Thursday, 26 March 2015

poem for the day: by Mary Oliver

I thought the earth remembered me,
she took me back so tenderly,
arranging her dark skirts, her pockets
full of lichens and seeds.
I slept as never before, a stone on the river bed,
nothing between me and the white fire of the stars
but my thoughts, and they floated light as moths
among the branches of the perfect trees.
All night I heard the small kingdoms
breathing around me, the insects,
and the birds who do their work in the darkness.
All night I rose and fell, as if in water,
grappling with a luminous doom. By morning
I had vanished at least a dozen times
into something better.”

Friday, 13 March 2015

Poem for the day: Ode (We are the Music Makers) by Arthur William Edgar O'Shaughnessy

We are the music-makers,
And we are the dreamers of dreams,
Wandering by lone sea-breakers,
And sitting by desolate streams;
World-losers and world forsakers,
On whom the pale moon gleams;
Yet we are the movers and shakers
Of the world for ever, it seems.
With wonderful deathless ditties
We build up the world's great cities.
And out of a fabulous story
We fashion an empire's glory;
One man with a dream, at pleasure,
Shall go forth and conquer a crown;
And three with a new song's measure
Can trample an empire down.
We, in the ages lying
In the buried past of the earth,
Built Ninevah with our sighing,
And Babel itself with our mirth;
And o'erthrew them with prophesying
To the old of the new world's worth;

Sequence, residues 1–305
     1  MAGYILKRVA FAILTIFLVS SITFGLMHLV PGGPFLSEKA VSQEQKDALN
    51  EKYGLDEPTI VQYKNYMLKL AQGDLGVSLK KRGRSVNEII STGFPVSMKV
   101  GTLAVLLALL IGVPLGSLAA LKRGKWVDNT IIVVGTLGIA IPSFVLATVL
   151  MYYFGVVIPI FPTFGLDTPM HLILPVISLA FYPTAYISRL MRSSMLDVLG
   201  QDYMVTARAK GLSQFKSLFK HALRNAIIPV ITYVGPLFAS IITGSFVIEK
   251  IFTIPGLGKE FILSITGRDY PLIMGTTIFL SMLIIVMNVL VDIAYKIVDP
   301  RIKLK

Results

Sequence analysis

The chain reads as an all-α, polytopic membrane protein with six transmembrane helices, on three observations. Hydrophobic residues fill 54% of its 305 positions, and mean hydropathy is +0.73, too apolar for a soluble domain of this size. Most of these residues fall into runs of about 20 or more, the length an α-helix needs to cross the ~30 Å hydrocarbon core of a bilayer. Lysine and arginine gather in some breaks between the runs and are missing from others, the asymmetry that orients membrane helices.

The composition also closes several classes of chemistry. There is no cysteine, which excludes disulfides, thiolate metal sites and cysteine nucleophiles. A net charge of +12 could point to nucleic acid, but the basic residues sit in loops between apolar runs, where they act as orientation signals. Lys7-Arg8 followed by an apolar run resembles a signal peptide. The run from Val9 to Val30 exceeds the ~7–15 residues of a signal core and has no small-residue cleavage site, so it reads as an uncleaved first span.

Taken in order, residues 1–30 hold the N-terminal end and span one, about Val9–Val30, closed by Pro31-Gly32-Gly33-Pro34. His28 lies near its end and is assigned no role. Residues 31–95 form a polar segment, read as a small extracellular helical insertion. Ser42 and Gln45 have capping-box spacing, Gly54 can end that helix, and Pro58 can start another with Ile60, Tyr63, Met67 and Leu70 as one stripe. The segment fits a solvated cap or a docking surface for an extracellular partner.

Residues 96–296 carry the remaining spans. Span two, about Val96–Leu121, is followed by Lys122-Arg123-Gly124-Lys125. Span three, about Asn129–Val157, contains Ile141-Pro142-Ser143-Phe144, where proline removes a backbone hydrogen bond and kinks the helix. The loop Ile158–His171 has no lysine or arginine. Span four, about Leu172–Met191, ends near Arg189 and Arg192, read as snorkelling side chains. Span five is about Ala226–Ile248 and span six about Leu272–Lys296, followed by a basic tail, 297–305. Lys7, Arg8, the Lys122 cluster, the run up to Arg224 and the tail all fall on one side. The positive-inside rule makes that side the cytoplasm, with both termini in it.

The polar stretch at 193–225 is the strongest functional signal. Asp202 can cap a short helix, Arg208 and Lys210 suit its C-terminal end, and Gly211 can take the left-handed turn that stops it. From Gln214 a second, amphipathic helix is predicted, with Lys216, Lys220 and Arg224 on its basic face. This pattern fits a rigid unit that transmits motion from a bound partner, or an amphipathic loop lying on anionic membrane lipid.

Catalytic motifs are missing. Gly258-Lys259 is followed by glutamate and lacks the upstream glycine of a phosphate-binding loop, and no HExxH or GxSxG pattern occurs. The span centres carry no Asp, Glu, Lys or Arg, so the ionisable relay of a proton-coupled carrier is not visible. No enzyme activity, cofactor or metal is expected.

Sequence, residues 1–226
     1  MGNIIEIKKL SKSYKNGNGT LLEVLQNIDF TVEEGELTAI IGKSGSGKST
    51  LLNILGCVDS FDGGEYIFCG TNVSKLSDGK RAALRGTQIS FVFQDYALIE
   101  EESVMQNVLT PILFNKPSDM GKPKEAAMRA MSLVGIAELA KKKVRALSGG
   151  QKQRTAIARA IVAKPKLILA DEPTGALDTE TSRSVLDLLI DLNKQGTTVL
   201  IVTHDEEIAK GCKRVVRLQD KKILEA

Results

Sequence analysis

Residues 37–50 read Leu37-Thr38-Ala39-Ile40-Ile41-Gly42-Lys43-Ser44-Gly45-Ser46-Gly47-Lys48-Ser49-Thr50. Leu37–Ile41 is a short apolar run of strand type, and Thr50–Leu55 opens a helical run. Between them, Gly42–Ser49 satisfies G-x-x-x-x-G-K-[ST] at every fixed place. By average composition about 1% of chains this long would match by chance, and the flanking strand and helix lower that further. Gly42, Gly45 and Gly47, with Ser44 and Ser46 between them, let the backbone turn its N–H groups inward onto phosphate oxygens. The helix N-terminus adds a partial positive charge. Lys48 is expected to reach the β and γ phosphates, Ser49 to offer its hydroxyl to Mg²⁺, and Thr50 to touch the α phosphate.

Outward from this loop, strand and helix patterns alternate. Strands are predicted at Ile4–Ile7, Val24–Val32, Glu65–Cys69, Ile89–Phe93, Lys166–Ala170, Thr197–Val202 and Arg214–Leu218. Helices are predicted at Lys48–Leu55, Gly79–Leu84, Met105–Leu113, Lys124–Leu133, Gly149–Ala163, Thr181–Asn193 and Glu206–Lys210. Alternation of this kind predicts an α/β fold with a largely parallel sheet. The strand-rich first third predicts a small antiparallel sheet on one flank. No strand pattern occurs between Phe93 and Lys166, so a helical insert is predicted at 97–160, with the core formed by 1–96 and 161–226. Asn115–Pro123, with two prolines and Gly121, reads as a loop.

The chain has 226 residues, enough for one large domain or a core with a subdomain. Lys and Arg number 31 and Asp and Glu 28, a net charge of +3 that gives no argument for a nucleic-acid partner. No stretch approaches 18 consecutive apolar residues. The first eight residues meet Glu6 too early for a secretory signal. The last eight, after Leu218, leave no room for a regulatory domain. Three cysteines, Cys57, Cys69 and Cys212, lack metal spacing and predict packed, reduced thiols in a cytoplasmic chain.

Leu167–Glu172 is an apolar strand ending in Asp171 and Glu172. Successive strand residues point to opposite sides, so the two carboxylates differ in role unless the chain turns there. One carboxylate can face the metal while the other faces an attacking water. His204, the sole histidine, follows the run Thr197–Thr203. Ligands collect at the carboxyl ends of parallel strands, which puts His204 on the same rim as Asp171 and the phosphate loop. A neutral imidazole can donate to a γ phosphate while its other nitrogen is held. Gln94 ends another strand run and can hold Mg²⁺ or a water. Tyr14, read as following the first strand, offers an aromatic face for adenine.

For each age is a dream that is dying,
Or one that is coming to birth.
He was born in London, and at the age of 19 started work in the British Museum, ending up in the zoological department, specialising in ichthyology.  This ode and other of his 'Victorian escapist verse' appeared in his book Music and Moonlight published in 1874.  He died of influenze in his 39th year.

Wednesday, 11 March 2015

poem for the day: by Axel Marazzi

i would like

poem for the day: To Daffodils by Robert Herrick

Fair daffodils, we weep to see
You haste away so soon:
As yet the early-rising sun
Has not attained his noon
Stay, stay,
Until the hasting day
Has run
But to the evensong:
And, having prayed together, we
Will go with you along.

We have short time to stay as you;
We have as short a spring;
As quick a growth to meet decay,
As you or anything.
We die,
As your hours do, and dry
Like to the summer's rain;
or as the pearls of morning's dew,
Ne'er to be found again.

Spring Sunshine & Daffodils


Wednesday, 4 March 2015

poem for the day: No, I'm Not Afraid by Irina Ratushinskaya

No, I'm not afraid:  after a year
Of breathing these prison nights
I will survive into the sadness
To name which is escape.
The cockerel will weep freedom for me
And here - knee-deep in more -
My gardens shed their water
And the northern air blows in draughts.
And how am I to carry to an alien planet
What are almost tears, as though towards home ...
It isn't true, I am afraid, my darling!
But make it look as though you haven't noticed.
On March 4th 1983, her 29th birthday, Irina was sentenced to seven years in the Soviet
'strict regime' labour camp at Barashevo where she was frequently beaten, starved, frozen, force-fed and kept in solitary confinement.  Her crime was the 'manufacture and dissemination' of her poetry, coupled with 'anti-Soviet agitation and propaganda'.  She was released from prison on October 9th 1986, and on December 18th 1986 she was allowed to leave the Soviet Union for Britain, accompanied by her husband, the human rights activist Igor Gerashchenko.